For 15 years I worked in various positions in the Finance Industry. From working in banks with investment and loan portfolios, to training and development, consulting on business development projects, and even a government-funded educational institution–which involved liaising with the ministry of education, and international ambassadors and prime ministers. Some of my work involved travel, which I was completely grateful for, but I didn’t realize what I was missing until I took a 2 month vacation in Antigua, Guatemala, after I completed a contract.
Those two months exposed me to new culture, language, and opportunities I would have never dreamed possible. I returned to my home country of Trinidad with a heavy heart and a lot to consider. Did I really want to go back to my old career in finance? I´d learned and grown so much in the industry, and I thoroughly enjoyed my work, but I left a piece of me in Antigua that I would never get back.
Upon my return, still undecided with the direction I would go, I took up a short-term contract with the bank which turned into a one year project. At the end of the year, I had made up my mind. I wanted to be back in Latin America. And so, my research ensued. Maximo Nivel was a top choice as it consistently popped up on my browser, even after deleting my history. I had a friend in Cusco, Peru who did some on-the-ground research and gave me the OK. Immediately, I signed up for my TEFL course in Cusco which would allow me to begin a new career teaching English abroad. My TEFL certificate afforded me the formal education needed to provide quality service to our English students, while allowing me the confidence to teach without any previous experience.
Though I felt completely prepared to face my new challenging role as an English teacher, my first few months did not come without unexpected challenges. Specifically, having to deal with the variation of students in the same class was a tough transition. You can have students aged 16-60, some with more English exposure, and a variety of education levels all in the same class. But you learn to remain balanced, and do your best to work with each individual student.
On the other hand, I´ve never came across a more rewarding role. Seeing students transition from being completely unable to comprehend or communicate in English, to months later stringing sentences together and being able to express themselves, is by far the most satisfying aspect of being a teacher. It has been a huge transition from finance to education, but being able to add value to someone´s life and witnessing the sacrifices they make to better themselves, is more than I could have asked for.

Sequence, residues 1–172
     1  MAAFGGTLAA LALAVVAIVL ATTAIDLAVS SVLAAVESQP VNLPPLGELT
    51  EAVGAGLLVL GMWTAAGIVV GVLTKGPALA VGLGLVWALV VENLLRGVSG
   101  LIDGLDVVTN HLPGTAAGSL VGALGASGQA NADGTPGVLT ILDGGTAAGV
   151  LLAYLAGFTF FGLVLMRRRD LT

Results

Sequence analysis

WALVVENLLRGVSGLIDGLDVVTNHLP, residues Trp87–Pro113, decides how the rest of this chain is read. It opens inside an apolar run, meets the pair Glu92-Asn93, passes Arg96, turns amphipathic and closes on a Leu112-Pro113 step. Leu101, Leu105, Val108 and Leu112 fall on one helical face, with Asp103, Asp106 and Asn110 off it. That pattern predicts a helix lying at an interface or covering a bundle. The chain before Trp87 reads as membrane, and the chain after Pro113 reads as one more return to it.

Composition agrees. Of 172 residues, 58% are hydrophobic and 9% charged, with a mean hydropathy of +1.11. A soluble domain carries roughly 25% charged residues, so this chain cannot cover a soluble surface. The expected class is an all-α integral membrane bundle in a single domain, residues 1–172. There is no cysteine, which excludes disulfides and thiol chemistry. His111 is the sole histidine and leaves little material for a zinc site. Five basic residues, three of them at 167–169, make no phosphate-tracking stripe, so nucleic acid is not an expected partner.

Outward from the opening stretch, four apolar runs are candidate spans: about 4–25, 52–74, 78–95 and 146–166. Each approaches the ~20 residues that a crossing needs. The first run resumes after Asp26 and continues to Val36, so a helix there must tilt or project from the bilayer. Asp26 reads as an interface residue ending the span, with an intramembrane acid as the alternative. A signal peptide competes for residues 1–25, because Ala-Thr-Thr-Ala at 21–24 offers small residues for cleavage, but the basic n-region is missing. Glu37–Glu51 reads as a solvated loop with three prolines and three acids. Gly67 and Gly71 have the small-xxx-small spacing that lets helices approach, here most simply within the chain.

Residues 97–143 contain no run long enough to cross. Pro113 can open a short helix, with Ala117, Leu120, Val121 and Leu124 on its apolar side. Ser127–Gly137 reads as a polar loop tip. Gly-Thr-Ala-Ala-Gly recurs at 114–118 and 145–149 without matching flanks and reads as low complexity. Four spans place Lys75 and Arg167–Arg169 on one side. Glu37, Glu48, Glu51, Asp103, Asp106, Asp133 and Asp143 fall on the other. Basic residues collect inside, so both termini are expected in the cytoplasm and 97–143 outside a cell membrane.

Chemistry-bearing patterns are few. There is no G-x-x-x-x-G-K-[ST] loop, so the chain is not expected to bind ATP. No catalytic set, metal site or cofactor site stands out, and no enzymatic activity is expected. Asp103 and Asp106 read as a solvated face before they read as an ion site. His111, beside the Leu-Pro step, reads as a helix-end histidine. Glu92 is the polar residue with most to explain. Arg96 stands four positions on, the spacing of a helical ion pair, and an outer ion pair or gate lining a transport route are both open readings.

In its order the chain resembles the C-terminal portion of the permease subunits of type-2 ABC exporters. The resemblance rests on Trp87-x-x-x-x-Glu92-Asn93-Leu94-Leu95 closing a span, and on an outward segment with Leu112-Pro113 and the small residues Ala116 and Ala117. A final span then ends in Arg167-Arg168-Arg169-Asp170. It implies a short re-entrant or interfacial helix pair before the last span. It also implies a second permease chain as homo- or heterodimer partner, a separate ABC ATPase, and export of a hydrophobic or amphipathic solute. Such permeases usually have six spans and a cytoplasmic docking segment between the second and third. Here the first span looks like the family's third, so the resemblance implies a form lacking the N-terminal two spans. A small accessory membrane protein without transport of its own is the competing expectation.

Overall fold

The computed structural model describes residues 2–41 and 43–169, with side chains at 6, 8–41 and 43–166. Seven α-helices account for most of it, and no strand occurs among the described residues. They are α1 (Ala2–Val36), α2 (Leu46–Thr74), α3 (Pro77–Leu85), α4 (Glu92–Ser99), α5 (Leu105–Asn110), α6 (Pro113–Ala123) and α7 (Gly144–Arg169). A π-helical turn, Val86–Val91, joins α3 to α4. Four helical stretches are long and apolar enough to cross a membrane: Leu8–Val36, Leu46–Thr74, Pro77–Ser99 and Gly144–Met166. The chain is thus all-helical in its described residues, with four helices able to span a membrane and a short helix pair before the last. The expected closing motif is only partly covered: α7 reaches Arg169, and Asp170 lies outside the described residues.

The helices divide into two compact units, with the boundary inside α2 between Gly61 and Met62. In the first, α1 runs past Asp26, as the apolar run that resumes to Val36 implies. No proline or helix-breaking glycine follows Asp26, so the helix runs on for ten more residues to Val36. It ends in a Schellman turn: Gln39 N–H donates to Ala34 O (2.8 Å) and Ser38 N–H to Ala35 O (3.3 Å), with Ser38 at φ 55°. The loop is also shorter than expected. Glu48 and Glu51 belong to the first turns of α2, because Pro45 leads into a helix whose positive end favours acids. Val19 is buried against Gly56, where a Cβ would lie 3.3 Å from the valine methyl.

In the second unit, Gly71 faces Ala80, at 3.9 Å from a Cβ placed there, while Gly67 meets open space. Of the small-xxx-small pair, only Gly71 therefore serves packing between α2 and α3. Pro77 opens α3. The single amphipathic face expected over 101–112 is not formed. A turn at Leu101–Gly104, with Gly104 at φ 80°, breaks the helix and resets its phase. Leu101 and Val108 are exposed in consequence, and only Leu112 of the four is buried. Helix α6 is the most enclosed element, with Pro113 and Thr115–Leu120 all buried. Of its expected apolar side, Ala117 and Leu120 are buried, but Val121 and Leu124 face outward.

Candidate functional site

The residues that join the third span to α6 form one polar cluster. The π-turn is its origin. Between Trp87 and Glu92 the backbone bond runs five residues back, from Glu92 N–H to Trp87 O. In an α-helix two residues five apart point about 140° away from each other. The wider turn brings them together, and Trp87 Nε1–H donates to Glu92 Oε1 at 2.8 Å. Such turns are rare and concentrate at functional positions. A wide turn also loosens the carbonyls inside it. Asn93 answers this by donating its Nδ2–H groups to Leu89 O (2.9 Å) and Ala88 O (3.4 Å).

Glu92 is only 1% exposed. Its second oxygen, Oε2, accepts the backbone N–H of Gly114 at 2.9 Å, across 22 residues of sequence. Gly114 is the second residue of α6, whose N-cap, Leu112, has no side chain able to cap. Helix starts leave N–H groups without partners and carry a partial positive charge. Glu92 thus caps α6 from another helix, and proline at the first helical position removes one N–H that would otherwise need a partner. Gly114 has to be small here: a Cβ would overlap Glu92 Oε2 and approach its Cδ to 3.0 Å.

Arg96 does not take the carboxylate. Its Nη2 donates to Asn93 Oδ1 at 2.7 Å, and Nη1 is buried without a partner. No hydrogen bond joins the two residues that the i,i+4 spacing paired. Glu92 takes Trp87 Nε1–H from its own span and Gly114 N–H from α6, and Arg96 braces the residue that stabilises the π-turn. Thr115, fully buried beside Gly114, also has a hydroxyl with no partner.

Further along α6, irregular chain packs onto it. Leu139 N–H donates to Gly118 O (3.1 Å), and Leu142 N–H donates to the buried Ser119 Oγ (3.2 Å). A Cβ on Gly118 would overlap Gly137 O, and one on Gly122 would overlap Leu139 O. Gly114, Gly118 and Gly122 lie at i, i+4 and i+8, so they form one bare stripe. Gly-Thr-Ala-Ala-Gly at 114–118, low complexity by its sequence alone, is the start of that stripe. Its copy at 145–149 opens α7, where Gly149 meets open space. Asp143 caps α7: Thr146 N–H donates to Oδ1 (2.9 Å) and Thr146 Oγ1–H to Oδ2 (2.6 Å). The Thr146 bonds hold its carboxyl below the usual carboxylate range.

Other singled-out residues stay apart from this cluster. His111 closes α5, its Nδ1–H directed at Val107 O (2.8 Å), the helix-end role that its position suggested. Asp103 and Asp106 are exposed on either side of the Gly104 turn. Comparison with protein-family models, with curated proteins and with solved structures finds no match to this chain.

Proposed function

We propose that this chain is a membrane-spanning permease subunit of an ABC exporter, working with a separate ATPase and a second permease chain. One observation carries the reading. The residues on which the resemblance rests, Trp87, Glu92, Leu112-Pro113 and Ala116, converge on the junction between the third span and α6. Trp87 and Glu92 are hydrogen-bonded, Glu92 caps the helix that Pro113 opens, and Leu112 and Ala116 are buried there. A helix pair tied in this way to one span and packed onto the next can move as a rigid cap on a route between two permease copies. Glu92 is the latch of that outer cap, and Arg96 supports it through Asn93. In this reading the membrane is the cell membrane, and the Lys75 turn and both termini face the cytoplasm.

In addition, teaching in Peru has not only given me the opportunity to teach English, but also to travel! Since beginning my teaching career over a year ago, I’ve been able to visit Machu Picchu, Rainbow Mountain, Pisac, Ollantaytambo, Lima, Trujillo, Tacna, Arequipa, Tipon, and even Chile. Cusco, itself, is a beautiful city to hang around when I’m not traveling, my favorite place being the Cusco Coffee Museum.
I could never have imagined where I would be today–teaching English at Maximo Nivel in Cusco, Peru. Though over a year later, I still struggle with the cold climate (remember, I´m from the, always sunny, Caribbean), I’ve thoroughly enjoyed my experience. For me, the Latin American culture is similar to the Caribbean, because although it´s cold, the people are so warm and embracing. I love the food, especially the duck in Lucre, and the traditional lomo saltado, I love the language, and I love the vibe.
If I could give one piece of advice to anyone looking to do something similar, my advice would be: Don’t hesitate. Embrace the opportunity, take the risk, and you´ll never be disappointed. For me, teaching will be my last career. My goals are to use my certificate to travel, teach, and experience cultures around the world. Being exposed to new cultures–the diversity–will enrich your life in ways you’d never imagine.